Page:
“So, I believe it is wrong first of all to accuse the West of neglecting African crises especially when  some of these crises are caused by the greed of Africa’s leaders who continue to turn their countries into personal fiefdoms,” he said.

Focusing on Nigeria, Kukah said the wealth of the nation has been “instrumentalized by the elite and they have become funnels for slush funds.”

He questioned Nigerian President Muhammadu Buhari’s sincerity in fighting one of Nigeria’s most tenuous conflicts – the war against Boko Haram, which has been going on for more than a decade in the northeast of the country and claimed more than 20,000 lives and left more than 7 million people in need of humanitarian assistance.

Nigeria’s more than 200 million people are almost evenly split between Christians and Muslims, with Christians predominant in the south, and Muslims in the north. Several Muslim-majority states have implemented sharia law, despite the nation’s secular constitution.

The current president is a devout Muslim, and many of his critics have accused him of favoring his co-religionists.

“Except the president and his team, no one can explain where we are and where we are going,” the bishop said.

He pointed to the fact that today, rather than bringing Boko Haram under control, “banditry, kidnapping and other forms of violence are now consuming the entire northern states as we speak.”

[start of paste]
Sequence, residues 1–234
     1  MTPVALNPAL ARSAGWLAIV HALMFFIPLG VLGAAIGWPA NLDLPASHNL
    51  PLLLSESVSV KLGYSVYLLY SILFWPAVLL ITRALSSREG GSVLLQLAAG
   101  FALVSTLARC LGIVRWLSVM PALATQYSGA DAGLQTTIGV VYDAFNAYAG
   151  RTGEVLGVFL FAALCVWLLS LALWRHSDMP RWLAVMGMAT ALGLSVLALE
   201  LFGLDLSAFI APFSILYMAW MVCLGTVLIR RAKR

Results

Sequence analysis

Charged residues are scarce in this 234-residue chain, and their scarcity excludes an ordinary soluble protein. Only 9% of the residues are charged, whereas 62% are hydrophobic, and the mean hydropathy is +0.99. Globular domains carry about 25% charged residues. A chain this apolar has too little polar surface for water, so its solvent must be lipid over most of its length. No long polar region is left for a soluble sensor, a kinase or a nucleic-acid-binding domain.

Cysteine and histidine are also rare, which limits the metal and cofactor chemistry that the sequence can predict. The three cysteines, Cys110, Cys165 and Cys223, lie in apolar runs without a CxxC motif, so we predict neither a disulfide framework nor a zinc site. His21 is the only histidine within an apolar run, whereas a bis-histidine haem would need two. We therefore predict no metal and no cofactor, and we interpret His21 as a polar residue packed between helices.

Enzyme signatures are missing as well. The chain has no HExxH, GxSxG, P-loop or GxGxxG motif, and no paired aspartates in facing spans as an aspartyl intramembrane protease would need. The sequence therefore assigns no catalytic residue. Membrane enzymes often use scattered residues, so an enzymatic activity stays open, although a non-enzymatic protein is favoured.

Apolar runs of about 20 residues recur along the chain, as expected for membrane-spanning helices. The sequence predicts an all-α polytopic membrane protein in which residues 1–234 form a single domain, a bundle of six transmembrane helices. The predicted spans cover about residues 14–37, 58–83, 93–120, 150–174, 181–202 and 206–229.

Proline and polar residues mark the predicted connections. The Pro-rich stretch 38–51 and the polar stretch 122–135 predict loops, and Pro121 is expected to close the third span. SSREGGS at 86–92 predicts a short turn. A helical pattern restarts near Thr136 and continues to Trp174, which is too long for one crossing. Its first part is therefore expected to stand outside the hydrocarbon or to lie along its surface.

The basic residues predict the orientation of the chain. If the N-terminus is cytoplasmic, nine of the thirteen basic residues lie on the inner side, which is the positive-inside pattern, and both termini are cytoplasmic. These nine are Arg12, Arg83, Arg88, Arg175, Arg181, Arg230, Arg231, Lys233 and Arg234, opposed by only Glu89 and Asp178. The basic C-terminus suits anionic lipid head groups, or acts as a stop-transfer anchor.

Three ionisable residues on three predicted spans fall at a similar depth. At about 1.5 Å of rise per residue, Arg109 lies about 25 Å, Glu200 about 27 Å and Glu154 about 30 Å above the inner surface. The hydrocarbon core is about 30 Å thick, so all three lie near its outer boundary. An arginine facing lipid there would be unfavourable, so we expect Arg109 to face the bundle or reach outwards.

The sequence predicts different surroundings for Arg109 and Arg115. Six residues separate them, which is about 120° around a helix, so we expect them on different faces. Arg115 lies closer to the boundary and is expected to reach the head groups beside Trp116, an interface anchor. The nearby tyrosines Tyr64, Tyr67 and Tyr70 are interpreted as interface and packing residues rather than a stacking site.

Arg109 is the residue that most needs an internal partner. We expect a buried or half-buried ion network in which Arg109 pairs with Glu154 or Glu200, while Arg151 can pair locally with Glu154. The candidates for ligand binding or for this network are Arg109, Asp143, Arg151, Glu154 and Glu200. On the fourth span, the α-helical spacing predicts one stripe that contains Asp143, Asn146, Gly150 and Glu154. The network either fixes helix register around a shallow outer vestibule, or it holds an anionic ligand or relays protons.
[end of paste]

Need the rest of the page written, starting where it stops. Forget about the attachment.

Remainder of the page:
Prelates lead a protest over unending killings of Nigerians in Abuja, Nigeria, March 1, 2020. (Credit: Afolabi Sotunde/Reuters via CNS.)

“Only two weeks ago, 74 people were slaughtered, and their villages destroyed in Sokoto State, the heart of the old caliphate,“ Kukah said, referring to the Islamic kingdom that once ruled the area.

He also said no Christians seem to be involved in the defense policymaking apparatus of the country.

“For example, today, Nigerians have been asking about the contradictions in the security operations in Nigeria: A conflict that originated from a Muslim group fighting to make Nigeria an Islamic state is being fought by a government that is headed by a Muslim and a northerner as President, with the Ministers of Defense, National Security Adviser, Chief of Immigration, Controller of Customs, Director of State Security, Inspector General of Police, Chief of Army and Air Staff all Muslims and northerners,” he pointed out.

“The rest of us are all spectators. And, while entire communities have been destroyed and internally displaced persons are running into hundreds of thousands, today Nigerians continue to ask how the president would have overseen and approved the building of two universities in the homes of both the Chief of Army and Naval Staff? So, does it make sense to accuse the international community? What are you accusing them of?” Kukah asked.

The bishop said the consequence of such lope-sided policy has resulted in “the destabilization of the country.”